Popular participation in labour law: the new labour dispute resolution tribunal

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Araki, T., & Wolff, L. (2015). Popular participation in labour law: the new labour dispute resolution tribunal. In L. Wolff, L. Nottage, & K. Anderson (Eds.), Who rules Japan? Popular participation in the Japanese legal process (pp. 45-62). Cheltenham, United Kingdom: Edward Elgar Publishing

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© Copyright, The Editors and Contributors Severally, 2015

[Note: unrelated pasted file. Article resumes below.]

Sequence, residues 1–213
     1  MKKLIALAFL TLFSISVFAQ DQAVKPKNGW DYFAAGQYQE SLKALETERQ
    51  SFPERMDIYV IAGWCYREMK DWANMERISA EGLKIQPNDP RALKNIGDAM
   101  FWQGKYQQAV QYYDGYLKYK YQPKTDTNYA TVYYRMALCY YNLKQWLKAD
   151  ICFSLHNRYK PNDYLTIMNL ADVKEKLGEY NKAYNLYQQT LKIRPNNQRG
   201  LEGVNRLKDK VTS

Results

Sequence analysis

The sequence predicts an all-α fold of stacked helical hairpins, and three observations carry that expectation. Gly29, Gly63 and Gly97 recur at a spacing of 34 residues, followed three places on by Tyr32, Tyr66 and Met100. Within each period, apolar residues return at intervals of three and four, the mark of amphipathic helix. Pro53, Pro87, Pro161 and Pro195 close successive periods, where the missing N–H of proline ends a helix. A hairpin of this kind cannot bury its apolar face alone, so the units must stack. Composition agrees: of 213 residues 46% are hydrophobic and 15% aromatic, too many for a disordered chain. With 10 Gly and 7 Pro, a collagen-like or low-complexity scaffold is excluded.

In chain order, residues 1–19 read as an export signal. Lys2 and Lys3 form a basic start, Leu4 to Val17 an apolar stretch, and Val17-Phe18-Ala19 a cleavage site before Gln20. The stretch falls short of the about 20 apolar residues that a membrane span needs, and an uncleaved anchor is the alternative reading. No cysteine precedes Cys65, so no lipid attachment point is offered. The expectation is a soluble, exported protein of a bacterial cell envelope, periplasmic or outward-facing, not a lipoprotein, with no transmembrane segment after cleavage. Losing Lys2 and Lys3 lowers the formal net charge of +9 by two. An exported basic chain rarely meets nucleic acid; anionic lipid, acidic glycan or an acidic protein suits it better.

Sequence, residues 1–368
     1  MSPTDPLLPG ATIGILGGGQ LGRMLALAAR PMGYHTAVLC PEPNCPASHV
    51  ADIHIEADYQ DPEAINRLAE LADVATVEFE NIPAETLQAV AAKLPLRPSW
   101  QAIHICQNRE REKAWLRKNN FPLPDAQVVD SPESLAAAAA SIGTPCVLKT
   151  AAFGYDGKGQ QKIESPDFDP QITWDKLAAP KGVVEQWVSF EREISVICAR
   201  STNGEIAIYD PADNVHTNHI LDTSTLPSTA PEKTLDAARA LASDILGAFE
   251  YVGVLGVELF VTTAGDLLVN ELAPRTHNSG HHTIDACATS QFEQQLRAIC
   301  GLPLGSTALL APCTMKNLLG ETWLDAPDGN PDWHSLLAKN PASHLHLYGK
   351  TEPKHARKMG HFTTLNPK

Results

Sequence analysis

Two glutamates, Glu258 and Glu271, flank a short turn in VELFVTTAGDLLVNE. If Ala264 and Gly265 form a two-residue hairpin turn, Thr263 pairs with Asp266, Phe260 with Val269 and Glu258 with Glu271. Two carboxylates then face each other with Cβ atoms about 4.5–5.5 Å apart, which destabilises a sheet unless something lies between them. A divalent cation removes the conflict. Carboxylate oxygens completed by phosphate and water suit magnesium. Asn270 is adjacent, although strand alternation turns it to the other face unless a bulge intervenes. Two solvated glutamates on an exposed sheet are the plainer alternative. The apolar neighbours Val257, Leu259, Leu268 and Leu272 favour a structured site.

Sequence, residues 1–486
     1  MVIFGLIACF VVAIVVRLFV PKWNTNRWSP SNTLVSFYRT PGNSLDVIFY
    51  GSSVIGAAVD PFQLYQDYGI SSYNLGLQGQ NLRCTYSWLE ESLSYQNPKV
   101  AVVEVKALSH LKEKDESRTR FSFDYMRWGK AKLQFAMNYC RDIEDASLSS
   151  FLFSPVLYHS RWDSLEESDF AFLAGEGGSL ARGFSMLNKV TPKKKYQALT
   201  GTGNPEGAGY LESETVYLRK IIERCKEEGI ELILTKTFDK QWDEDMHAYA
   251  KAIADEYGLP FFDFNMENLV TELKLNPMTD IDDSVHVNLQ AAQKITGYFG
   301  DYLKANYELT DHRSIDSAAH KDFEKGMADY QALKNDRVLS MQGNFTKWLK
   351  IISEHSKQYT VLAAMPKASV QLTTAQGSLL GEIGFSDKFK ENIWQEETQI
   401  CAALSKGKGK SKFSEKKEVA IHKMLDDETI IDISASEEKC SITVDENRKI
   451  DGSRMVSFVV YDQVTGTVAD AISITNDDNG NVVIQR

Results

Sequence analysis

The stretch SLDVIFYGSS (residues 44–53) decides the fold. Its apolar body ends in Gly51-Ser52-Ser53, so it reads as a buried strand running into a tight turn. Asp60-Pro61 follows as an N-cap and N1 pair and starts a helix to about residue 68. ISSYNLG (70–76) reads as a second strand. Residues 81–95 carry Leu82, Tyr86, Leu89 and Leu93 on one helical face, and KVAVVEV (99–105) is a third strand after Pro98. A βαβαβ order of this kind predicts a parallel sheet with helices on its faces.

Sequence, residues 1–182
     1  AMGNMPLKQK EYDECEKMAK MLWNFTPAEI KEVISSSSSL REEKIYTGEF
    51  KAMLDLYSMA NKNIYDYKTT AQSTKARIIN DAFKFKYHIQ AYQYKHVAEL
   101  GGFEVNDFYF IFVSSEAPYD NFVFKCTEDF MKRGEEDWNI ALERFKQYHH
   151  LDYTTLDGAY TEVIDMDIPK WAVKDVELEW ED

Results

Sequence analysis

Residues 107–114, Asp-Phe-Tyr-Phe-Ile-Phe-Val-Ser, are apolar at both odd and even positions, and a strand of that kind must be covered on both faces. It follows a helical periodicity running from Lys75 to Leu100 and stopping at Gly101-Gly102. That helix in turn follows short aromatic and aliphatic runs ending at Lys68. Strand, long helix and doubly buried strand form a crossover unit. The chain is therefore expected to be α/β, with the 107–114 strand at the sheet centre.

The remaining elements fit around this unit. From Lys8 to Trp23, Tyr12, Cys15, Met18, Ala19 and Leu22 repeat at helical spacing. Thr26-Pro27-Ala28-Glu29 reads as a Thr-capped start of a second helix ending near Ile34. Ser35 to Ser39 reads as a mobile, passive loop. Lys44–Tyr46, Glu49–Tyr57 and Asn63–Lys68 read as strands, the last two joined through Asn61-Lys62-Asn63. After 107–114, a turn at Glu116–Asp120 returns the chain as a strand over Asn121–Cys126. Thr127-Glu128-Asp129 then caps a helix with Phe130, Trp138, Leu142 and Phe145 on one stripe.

The Labour Tribunal Law (No. 45 of 2004) ushered in a new court-annexed dispute resolution system for industrial relations disputes in Japan (outlined generally in Sugeno, 2004). Similar to the lay judge system for criminal trials (Johnson and Shinomiya, Chapter 2), the new tribunal adopts an adjudicative model that blends professional and lay expertise with decisions heard by tripartite panel comprising a professional judge and two lay judges recommended by management and labour unions respectively. The new tribunal system came into operation on 1 April 2006. Japan has never maintained a separate system of specialist courts for resolving labour disputes. This contrast with Europe where lay justice, comprising representative input from management and labour, is the norm. For example, the labour court in Germany (Arbeits-gericht) and the employment tribunals in the UK are tripartite bodies; the labour courts in France (conseil de prud’hommes) are bipartite.

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